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Economic Impact of Nature

“More than 100 years ago, Frederick Law Olmsted conducted a study of how parks help property values. From 1856 to 1873 he tracked the value of property immediately adjacent to Central Park, in order to justify the $13 million spent on its creation. He found that over the 17-year period there was a $209 million increase in the value of the property impacted by the park.” From Planning.org

When Texas finally got serious about wanting to prove that parks weren’t just nice to have around, but really added value to communities, they looked to Texas A&M professor Dr. John Crompton. Dr. Crompton produced the first Texas look at the economic impact of parks and green spaces in 2001. In 2014 the The Economic Contributions of Texas State Parks was revisited and updated so that it could be current as a tool to help the Texas Legislator understand the true value of parks.

Texas Children in Nature (TCiN) knows that parks go beyond dollars and cents, but the economic impact is deeply important. When children and families spend time playing outdoors, they are healthier. The health of a community also has and economic value. When children are healthy the miss less school, which means parents miss less work, which increases the productivity of businesses. It also means fewer doctor bills and fewer insurance claims. All of which have value.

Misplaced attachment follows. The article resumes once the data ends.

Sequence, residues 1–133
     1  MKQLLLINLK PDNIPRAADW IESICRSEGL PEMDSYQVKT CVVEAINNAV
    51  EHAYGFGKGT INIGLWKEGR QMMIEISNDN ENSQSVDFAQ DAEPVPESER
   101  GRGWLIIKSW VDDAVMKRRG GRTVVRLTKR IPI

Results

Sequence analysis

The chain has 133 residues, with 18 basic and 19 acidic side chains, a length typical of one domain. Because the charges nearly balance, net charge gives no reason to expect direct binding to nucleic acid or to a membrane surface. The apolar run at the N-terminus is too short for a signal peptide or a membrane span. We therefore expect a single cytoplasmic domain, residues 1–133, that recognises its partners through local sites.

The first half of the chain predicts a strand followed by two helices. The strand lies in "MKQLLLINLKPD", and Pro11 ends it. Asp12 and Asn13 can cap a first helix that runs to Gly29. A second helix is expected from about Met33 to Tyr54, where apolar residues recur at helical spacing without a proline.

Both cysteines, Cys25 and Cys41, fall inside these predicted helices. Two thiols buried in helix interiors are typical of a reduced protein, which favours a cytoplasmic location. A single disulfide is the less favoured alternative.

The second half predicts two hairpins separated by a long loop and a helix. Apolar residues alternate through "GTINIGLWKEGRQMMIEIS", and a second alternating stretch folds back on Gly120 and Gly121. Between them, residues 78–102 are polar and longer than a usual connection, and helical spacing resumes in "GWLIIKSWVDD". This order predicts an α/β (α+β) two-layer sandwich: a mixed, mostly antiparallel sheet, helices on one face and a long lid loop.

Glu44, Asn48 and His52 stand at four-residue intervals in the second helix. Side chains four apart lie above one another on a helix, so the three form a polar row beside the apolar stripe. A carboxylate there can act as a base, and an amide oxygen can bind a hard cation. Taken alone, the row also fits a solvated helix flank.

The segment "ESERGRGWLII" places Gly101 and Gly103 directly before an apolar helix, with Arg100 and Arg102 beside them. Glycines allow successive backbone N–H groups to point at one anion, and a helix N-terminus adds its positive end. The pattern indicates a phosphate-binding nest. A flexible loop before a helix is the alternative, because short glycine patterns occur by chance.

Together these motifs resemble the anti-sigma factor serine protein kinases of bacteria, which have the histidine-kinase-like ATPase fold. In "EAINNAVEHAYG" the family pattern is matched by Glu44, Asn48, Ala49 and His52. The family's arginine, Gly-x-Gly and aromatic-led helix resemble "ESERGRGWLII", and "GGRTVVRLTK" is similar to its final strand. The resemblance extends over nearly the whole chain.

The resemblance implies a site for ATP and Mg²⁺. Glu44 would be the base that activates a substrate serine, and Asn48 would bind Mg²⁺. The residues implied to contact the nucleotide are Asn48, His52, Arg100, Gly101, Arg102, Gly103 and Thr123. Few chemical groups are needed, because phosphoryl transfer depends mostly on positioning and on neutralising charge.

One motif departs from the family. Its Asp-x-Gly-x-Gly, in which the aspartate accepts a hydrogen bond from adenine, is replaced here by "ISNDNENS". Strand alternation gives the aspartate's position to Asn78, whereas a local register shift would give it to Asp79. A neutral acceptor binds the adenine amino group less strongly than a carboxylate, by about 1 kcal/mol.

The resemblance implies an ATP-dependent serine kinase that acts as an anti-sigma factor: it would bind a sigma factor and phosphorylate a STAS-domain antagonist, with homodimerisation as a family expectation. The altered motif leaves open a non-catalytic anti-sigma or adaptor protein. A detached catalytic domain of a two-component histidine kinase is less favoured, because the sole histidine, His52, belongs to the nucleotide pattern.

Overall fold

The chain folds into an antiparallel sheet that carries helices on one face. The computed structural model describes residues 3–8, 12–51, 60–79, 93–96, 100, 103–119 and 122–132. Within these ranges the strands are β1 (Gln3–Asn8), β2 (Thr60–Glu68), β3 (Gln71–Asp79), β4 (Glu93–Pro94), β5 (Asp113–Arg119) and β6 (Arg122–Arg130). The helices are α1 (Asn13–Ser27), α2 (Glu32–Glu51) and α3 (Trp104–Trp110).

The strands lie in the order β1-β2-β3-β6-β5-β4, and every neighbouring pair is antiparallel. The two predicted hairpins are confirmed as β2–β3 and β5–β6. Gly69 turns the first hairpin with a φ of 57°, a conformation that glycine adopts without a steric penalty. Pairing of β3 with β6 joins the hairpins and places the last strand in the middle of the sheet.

TCiN also understands that children who spend more time outside or have access to nature preform better in school. A recent study conducted by Audubon Texas shows the direct link between spending time in nature and higher test scores. Children also demonstrate better problem solving skills, more creativity and better cooperationwhen they spend more time learning and playing in nature. These are all qualities that aid in children achieving a successful and thriving future, and that businesses are calling for in the work force today.

As the population of Texas continues to grow it is important to strategically make the case for both the maintenance of our current parks and the addition of new ones. Texas currently has about 5% public lands. That is not much when you consider Texas also has 6 of the largest cities by population in the US.

Real estate developers are getting the message as well. I recently passed a billboard for a middle class neighborhood in Houston that stated, “Come Home to Nature”A second billboard outside of San Antonio read, “Make Every Day a Play-Cation”and featured children splashing in a creek.

There is another method for tracking the economic impact of parks and that is through philanthropic investment in a community. For example, a single foundation in Austin has pledged over $24 million in investment for a natural play area and redesign of a beloved local park, and additional funding for a new YMCA nature-based camp. These types of public-private partnerships are the key to finding the balance in Texas to improve access to nature for all.

Frederick Law Olmsted knew parks and green spaces had economic value over 150 years ago. He also knew they had an even higher place in our social fabric- the intrinsic value that we each find when we spend time surrounded by a great wildness or in the intimate world of a pocket park.

Other Resources:

National Parks Economic Impact Study of Parks, Rivers and Trails